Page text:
Research

Publications:

Under Review:

  • The Limits of Linkage: The Political Economy of Trade Linkage” with Eric Reinhardt. 

  • “Public Trust, Policing, and the COVID-19 Pandemic:Evidence from an Electoral Authoritarian Regime” with Rob Blair, Guy Grossman, and David Dow (revise and resubmit at Social Science and Medicine).

  • “Democratic Erosion, Partisanship, and Election Observers: Evidence from a Survey Experiment” with Charles Crabtree.

Working Papers/Works in Progress:

  • “Who Makes the State? National Ownership and International Statebuilding: Evidence from an Electoral Authoritarian Regime” with Susanna Campbell and Yolande Bouka.

  • “Coethnic Bias and Citizen-Police Interaction in Fragile and Violent Contexts” with Mara Revkin, Hilary Matfess, and Jason Lyall.

  • “Securing the Ballot or the Voter: The Politics of Policing Election Violence.”

  • “Neighborhood Watches and Reporting Crime in Uganda: Evidence from a List and Endorsement Experiment” EGAP ID: 20180605AC.

  • “Order and Violence: the Authoritarian Legacy of the Russian Imperial Police” with Roya Talibova)

Selected Media Publications:

Book Project (In preparation):

  • “The Repression Dilemma: The Politics of Policing in Multi-ethnic Societies” (See book proposal here)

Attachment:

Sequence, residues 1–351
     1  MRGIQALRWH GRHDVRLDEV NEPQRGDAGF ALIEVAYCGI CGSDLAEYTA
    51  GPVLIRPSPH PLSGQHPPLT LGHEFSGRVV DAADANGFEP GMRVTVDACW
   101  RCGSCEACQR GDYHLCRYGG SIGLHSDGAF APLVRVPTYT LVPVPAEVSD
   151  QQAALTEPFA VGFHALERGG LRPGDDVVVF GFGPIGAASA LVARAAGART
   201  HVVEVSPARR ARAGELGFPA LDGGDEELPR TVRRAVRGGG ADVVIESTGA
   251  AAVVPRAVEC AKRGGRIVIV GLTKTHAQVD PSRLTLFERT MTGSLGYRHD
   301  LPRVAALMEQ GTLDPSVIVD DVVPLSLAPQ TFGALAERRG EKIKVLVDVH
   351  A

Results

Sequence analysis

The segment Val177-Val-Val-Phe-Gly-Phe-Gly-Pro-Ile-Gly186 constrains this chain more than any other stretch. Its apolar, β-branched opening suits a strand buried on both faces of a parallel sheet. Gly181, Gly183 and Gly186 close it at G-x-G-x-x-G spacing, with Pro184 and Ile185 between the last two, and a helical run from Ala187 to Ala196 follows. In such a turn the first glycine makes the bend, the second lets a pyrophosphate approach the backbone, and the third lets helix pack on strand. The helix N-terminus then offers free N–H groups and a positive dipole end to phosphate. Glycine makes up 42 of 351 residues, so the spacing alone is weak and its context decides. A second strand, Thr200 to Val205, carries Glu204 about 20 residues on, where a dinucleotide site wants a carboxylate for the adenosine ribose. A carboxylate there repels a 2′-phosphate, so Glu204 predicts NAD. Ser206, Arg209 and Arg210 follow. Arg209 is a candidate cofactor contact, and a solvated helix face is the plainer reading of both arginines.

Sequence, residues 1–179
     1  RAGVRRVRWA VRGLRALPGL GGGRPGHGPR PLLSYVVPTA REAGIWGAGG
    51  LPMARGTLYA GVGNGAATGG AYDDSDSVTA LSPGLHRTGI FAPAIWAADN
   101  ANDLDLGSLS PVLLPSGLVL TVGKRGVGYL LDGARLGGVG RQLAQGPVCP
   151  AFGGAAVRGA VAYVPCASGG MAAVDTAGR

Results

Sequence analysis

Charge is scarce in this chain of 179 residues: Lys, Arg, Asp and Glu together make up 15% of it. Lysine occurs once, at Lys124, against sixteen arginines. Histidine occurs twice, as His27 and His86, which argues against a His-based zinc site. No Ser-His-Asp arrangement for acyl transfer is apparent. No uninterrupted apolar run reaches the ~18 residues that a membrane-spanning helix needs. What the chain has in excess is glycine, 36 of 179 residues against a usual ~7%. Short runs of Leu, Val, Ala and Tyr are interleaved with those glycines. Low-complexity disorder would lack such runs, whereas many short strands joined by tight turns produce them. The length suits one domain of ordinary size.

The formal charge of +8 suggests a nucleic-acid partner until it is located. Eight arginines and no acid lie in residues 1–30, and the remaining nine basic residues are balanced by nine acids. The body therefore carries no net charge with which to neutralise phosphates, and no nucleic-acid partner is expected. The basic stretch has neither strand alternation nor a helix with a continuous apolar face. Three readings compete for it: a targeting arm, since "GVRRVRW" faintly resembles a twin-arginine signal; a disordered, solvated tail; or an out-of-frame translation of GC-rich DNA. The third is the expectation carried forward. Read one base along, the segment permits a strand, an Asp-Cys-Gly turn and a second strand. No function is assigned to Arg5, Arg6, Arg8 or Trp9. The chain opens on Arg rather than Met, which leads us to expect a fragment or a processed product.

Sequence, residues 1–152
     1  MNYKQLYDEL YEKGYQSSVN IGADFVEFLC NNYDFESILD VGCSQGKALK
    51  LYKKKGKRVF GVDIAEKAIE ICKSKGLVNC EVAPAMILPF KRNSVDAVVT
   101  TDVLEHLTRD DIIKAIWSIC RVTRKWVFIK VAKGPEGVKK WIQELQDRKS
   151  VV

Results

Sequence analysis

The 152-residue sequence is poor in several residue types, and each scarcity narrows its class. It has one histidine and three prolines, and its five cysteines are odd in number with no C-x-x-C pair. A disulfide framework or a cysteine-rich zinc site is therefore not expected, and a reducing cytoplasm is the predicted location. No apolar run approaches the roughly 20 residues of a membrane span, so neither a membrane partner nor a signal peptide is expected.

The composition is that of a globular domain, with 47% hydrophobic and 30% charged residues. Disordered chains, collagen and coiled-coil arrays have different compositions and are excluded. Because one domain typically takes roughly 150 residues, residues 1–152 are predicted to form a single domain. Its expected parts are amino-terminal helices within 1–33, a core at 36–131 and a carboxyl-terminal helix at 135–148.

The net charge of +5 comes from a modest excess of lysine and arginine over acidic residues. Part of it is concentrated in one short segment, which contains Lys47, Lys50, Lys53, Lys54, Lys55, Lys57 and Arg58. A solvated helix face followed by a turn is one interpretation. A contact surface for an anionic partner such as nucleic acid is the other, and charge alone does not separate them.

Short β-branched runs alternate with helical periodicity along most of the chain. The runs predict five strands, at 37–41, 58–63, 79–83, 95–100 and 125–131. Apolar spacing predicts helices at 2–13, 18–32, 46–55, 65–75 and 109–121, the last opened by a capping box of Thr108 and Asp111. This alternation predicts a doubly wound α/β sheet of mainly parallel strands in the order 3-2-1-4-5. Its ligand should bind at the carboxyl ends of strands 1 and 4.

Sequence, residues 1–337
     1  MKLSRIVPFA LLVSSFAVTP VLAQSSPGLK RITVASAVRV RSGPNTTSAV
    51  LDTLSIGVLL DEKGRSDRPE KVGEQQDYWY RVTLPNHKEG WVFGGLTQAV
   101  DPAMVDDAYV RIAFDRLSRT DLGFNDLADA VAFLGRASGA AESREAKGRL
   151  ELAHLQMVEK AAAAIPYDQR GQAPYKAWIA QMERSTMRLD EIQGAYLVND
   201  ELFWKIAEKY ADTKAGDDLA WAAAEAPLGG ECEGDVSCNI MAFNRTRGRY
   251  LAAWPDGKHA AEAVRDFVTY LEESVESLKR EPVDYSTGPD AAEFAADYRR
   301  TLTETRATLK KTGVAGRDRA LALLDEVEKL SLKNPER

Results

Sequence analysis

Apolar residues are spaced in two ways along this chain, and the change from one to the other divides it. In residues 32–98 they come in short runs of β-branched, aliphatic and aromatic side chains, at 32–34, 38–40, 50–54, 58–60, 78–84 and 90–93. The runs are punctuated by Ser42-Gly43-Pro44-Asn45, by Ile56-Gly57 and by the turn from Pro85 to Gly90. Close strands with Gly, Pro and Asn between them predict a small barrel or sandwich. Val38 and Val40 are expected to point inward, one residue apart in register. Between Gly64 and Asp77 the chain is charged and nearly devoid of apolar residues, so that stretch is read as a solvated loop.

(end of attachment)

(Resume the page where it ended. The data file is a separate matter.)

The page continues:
Why do some people cooperate with police in the provision of law and order in autocracies while others are not even willing to report crimes to police? Drawing on a principal-agent framework, I theorize autocrats face a tradeoff between policing effectiveness and repressive compliance. This tradeoff has implications for how citizens interact with police. By developing and testing the theory in Uganda, a multiethnic autocracy, I argue regimes partially solve their security tradeoff by employing ethnicity as a social radar, strategically staffing police officers. Although using outsiders to police communities increases repressive compliance, it exacerbates coethnic bias decreasing citizens’ willingness to cooperate with police in the provision of law and order. Consequently, actions autocrats take to ensure police are willing to comply with orders to repress decrease citizens’ cooperation in the provision of law and order and weaken one of the defining features of the state. To test the observable implications of the theory, I use a multi-method approach. This approach includes a series of preregistered survey experiments (a nationally representative list experiment, conjoint design experiment in Gulu district, and a nationally representative endorsement experiment); quantitative analyses of crime and political violence data at the district level; and elite interviews. The results have implications for how we think about state (dis)order, conflict, human rights, and security sector reform.

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